Hi, my name is Aleco from Seattle, Washington in the United States and I began teaching in the April Program at Chungdahm's Busan Goeje branch this past June. I decided to write this blog for potential candidates thinking of teaching abroad so they can get a good idea about some of the perks of living in a country like Korea.
During my last few hours in Seattle before flying to Korea, I sat down next to a table of Korean businessmen to eat an airport hamburger. One of these men, Mr. Kim, was eager to introduce himself when he noticed me eating alone. He became visibly excited when he found out that I was going to be moving to teach English in Korea for the next year, and was more than happy to offer me advice about his home country. When I asked Mr. Kim “how does Korea compare to America?”, his response surprised me.
“Everything there is just better. You’ll see. Everything is faster, and cleaner, and safer, and costs less money. You’ll love it there!”
Though I took Mr. Kim’s words to be patriotic hyperbole, he really wasn’t kidding about everything in Korea being faster, cleaner, safer, and costing less money. No, Mr. Kim, not everything in Korea is better than America, but I’ve truly enjoyed my first month here more than I ever could have hoped for. Even though I had spent my last few months in America eagerly anticipating my move to Korea, this country has lived up to all my expectations and more.
Below are may top five favorite parts about teaching and living in Korea so far.
1. Teaching for ChungDahm Learning
My biggest concern about my move to Korea was whether or not I would enjoy my job as a teacher. If I was spending 40 hours a week doing something I couldn’t stand, I probably wouldn’t enjoy my stay here no matter how well everything else was coming along.
I can happily report that teaching English at ChungDahm has been much more fun than I expected. Unlike my last couple of jobs, I’m genuinely happy to head into work every day. I am never counting the minutes until I can head home or wake up in the morning, and I honestly look forward to seeing my students every day.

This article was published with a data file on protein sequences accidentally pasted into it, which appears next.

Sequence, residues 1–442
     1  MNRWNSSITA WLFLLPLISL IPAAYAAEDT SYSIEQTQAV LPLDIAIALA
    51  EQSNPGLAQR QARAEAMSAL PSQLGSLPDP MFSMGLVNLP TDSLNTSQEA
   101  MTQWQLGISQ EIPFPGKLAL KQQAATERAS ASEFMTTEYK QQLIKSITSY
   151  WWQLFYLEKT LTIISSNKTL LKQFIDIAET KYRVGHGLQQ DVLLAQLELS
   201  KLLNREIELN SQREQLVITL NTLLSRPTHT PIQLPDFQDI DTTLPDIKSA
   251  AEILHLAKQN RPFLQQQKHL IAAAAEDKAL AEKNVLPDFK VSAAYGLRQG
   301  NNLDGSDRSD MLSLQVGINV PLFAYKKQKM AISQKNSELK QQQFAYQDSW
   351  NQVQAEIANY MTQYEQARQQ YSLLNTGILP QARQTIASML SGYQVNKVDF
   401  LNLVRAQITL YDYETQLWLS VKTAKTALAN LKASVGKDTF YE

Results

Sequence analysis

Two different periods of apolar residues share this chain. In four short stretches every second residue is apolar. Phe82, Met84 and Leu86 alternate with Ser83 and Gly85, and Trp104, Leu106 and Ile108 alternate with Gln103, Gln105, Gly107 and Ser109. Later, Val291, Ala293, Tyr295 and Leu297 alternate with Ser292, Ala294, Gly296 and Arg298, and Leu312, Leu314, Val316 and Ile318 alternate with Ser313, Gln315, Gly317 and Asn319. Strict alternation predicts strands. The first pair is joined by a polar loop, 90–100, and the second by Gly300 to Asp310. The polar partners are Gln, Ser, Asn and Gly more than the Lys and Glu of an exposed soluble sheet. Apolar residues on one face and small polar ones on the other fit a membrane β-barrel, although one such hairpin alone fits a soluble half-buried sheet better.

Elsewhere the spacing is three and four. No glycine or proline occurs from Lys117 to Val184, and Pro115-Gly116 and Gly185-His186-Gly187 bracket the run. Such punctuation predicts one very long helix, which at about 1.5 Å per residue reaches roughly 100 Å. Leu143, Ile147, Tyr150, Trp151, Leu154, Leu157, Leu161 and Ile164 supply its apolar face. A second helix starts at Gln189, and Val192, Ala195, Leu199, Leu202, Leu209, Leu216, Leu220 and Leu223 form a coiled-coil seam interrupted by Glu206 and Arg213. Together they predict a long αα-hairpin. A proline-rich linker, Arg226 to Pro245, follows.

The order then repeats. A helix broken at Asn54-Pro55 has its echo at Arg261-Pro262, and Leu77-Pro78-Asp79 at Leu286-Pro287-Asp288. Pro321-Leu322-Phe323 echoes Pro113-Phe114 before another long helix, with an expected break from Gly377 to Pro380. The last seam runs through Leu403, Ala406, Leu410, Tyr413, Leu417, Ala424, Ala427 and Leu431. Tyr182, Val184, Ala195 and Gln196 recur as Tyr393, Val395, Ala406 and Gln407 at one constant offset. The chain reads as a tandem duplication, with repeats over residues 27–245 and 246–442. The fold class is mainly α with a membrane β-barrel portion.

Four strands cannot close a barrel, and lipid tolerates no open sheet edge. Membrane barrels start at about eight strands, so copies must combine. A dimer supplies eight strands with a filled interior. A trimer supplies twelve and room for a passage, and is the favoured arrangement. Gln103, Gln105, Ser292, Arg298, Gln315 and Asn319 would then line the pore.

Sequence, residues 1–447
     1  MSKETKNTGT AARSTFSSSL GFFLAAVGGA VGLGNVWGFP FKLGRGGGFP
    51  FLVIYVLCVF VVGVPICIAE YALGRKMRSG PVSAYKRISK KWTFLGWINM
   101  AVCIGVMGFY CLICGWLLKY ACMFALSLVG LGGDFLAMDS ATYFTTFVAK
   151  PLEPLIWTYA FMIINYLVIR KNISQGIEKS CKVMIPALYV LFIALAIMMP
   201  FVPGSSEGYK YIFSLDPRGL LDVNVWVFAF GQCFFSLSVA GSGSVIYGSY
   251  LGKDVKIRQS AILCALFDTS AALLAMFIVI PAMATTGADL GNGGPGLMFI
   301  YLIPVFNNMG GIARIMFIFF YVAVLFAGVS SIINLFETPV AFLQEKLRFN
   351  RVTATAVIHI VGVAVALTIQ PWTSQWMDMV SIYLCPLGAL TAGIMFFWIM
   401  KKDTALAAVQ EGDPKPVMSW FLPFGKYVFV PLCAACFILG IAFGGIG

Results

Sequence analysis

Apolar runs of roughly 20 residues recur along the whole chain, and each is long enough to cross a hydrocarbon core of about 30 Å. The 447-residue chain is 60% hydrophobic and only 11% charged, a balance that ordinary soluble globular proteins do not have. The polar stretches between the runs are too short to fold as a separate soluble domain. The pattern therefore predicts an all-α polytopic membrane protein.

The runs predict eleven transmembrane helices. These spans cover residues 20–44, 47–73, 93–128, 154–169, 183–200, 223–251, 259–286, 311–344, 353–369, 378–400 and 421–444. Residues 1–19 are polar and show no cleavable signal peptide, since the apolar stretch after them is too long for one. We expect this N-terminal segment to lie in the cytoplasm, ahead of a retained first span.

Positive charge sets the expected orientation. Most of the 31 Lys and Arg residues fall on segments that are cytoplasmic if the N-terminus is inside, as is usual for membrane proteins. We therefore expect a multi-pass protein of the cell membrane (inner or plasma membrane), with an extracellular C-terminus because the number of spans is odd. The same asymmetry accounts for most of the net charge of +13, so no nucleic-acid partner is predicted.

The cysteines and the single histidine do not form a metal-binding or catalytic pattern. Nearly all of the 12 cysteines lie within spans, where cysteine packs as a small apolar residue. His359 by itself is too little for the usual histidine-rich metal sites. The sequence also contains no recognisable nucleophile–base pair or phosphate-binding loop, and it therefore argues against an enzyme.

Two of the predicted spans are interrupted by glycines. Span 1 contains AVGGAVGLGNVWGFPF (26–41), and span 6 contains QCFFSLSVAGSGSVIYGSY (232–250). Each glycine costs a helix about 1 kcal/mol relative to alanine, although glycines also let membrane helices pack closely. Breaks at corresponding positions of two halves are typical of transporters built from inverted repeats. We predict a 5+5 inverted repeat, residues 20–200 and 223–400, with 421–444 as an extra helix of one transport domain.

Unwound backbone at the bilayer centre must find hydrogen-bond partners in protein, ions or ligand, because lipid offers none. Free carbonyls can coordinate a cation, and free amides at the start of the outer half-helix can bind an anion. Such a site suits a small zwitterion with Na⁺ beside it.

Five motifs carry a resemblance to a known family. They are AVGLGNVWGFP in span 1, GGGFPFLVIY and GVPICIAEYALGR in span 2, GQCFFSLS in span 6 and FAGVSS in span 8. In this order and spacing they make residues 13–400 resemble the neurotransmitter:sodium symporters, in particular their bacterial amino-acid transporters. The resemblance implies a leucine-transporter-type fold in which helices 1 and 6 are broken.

Though I can’t really speak to what teaching is like in America, teaching Korean children is a delight. More than half of my students seem to genuinely enjoy their time in my class – they raise their hands in the air as high as they can for every question they know the answer to, yell with excitement during all of the English learning games we play at the end of class, and bombard with me questions about my personal life and living in America.
Though the majority of my students are very energetic, about a third of them are quite shy. The shy ones neither actively participate in class nor do anything to distract the other students, they politely perform their duties as a student and pray that I don’t call on them during speaking sections.
The rest of the students I have are a mixed bag, ranging from lovable class clowns to the actively uninterested. I’d be lying if I said there weren’t a few students who like to test my patience, but these kids are far outnumbered by the ones I completely adore. My students are the best part of my job, and they’re a big part of the reason that I enjoy teaching English as much as I do.
2, Korean Food
Korean food is one of the biggest reasons to move to this country – it’s delicious, it’s healthy, and it’s shockingly inexpensive.
Korean cuisine is quite different from the other varieties of Asian food you’ll commonly find in the states (such as Chinese, Thai, and Japanese). Generally speaking, it uses simple ingredients, is much less saucy than other Asian cuisines, is very spicy (which I personally enjoy), and is served unlike anything I’ve encountered before. The best Korean restaurants I’ve been to have special equipment built into your table which is used to cook the food you ordered right in front of you, such as the famous Korean barbecue setup or the shabu shabu table.
My favorite part about Korean food is its incredible variety. You’ll either be served a number of small dishes along with your main course or provided with a complimentary buffet. There will almost always be Kimchi (the most popular food in all of Korea), pickled radishes (my personal favorite), Miso soup’s Korean cousin, and a wide variety of house specialties. Some meals can be made up entirely of these small, delicious dishes – the Asian equivalent of Tapas. A meal I ate last week came with 12 different small plates, some rice, and a delicious sweet rice drink called “shikke”. The price? Roughly 13 USD for two people (or 6.50 each).
Much to my surprise, the food here is shockingly cheap. It’s actually more expensive to buy ingredients at the market and cook it at home than it is to eat out at a moderately priced restaurant. Pictured above is an order of Bibimbap (meaning stirred rice) at a restaurant near my apartment. It came with complimentary Kimchi, radishes, and Miso. As you can see on the menu, there isn’t a single meal at this restaurant which costs more than 3,000 won (roughly $2.75). You can easily eat two quality meals a day at a restaurant here for 12,000 won or less (roughly 10 dollars).